I’ve written a couple of jocular little posts recently about moving; on the last one I promised to explain why we were moving. Again.
I will first lead you over to my archives. Over there on the right hand side of the page. Start with January 2010. I started posting then about our foreclosure. Walking away from our seriously underwater home in Stockton, California. My husband and I had lived in Southern California for five years and moved back up to Northern California at the end of 2006 for a job opportunity for my husband.
We bought a home in Stockton, relatively near our kids, and thought this would be our retirement nest egg. A place that we could eventually sell after gaining a little equity.
The bubble burst. Actually, it exploded. Our retirement nest egg was sinking rapidly to the point of my husband saying we needed a submarine to get to the front door.
was is one of the cities with more foreclosures than most other cities in the United States. It is also the city with one of the highest crime rates in the U.S., or maybe the highest. But there we were.
Sizing up the situation, and after much soul-searching, we decided to walk away. Our home had sunk beyond any possibility of re-gaining any equity in our lifetime. Reading my archived posts will reveal a lot of my thoughts and the day to day happenings at the time, the foreclosure process in California, and links to foreclosure information.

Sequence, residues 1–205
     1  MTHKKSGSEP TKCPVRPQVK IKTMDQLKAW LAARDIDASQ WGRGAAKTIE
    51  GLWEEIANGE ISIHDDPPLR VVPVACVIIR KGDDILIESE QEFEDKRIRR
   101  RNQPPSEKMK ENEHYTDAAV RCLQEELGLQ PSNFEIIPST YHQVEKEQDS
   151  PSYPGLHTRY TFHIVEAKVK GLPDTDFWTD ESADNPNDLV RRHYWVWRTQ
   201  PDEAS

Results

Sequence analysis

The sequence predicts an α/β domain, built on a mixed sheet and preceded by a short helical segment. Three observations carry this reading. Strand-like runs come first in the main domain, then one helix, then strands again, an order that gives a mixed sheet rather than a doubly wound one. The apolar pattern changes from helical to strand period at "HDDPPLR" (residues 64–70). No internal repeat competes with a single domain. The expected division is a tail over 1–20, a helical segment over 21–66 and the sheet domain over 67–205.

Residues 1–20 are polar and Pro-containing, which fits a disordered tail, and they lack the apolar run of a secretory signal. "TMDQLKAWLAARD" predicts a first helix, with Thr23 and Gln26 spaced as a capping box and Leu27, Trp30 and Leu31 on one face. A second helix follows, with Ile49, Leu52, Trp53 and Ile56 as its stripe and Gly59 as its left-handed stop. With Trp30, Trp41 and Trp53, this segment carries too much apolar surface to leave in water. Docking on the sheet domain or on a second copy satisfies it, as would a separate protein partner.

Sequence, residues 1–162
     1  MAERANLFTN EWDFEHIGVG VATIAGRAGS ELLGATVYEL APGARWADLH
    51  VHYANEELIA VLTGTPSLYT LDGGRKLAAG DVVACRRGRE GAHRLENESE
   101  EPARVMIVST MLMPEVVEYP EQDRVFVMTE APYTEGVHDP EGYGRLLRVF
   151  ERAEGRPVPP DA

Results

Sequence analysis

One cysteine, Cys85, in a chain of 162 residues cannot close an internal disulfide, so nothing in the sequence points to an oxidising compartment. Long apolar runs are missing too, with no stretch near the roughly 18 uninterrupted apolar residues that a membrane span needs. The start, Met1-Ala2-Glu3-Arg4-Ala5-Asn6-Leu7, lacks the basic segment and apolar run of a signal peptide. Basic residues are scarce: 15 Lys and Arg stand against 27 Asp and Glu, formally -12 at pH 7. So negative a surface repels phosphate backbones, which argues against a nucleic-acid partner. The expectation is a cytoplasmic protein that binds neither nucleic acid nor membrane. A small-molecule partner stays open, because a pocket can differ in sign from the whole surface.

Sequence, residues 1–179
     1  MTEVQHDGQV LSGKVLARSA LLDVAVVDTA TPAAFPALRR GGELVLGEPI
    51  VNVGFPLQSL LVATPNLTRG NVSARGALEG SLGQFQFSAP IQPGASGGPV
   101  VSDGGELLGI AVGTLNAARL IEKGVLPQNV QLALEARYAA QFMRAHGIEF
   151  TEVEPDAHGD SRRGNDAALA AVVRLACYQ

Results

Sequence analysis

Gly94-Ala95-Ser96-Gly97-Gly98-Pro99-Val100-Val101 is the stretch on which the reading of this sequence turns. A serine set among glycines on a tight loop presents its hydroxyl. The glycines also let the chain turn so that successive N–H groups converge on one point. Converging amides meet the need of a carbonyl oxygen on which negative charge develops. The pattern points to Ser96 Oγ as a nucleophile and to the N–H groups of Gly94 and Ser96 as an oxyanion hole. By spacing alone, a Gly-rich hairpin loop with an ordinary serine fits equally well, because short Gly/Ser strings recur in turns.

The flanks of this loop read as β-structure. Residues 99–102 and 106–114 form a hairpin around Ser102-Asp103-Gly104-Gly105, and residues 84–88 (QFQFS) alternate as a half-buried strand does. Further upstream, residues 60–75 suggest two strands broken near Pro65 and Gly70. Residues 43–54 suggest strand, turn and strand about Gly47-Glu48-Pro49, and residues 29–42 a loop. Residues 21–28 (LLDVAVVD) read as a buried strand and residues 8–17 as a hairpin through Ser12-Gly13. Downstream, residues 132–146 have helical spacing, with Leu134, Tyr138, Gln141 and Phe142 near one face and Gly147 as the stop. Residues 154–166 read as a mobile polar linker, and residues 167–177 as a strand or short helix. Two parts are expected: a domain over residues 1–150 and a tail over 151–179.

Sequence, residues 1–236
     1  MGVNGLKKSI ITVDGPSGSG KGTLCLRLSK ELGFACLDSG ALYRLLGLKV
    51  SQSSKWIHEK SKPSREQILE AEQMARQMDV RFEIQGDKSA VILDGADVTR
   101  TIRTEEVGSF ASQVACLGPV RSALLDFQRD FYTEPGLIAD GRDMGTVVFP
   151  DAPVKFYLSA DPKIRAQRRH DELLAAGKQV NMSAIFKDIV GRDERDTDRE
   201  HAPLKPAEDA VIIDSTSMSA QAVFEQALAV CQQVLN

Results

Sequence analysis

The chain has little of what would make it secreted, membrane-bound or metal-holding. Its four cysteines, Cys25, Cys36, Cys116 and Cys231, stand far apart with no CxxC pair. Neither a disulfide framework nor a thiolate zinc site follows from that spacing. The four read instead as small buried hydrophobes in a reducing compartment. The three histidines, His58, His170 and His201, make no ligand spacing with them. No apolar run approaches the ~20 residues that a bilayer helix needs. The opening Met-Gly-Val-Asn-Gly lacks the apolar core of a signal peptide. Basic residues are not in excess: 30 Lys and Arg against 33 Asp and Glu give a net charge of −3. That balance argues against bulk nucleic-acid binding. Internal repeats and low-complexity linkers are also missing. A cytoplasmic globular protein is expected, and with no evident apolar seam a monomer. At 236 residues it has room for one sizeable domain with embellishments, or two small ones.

We moved to a beautiful little community about 40 minutes away from Stockton and leased a little casita. We were up front with the landlord about our foreclosure and were told it seemed to be more the norm than not, and we were welcomed with open arms.
Nine months later our landlord called one night and asked to come over to talk. We knew. Immediately we knew. They were foreclosing on the home, even though they had told us when we signed the lease that they would never do that.
So here we went again…..moving. One more time. We were able to stay in the same community that we have grown to love. We are renting again….why would we want to buy a house in this real estate market at our age (64). Seriously, a 30 year mortgage?
It’s a crap shoot. We may go through this all over again. We’re all in.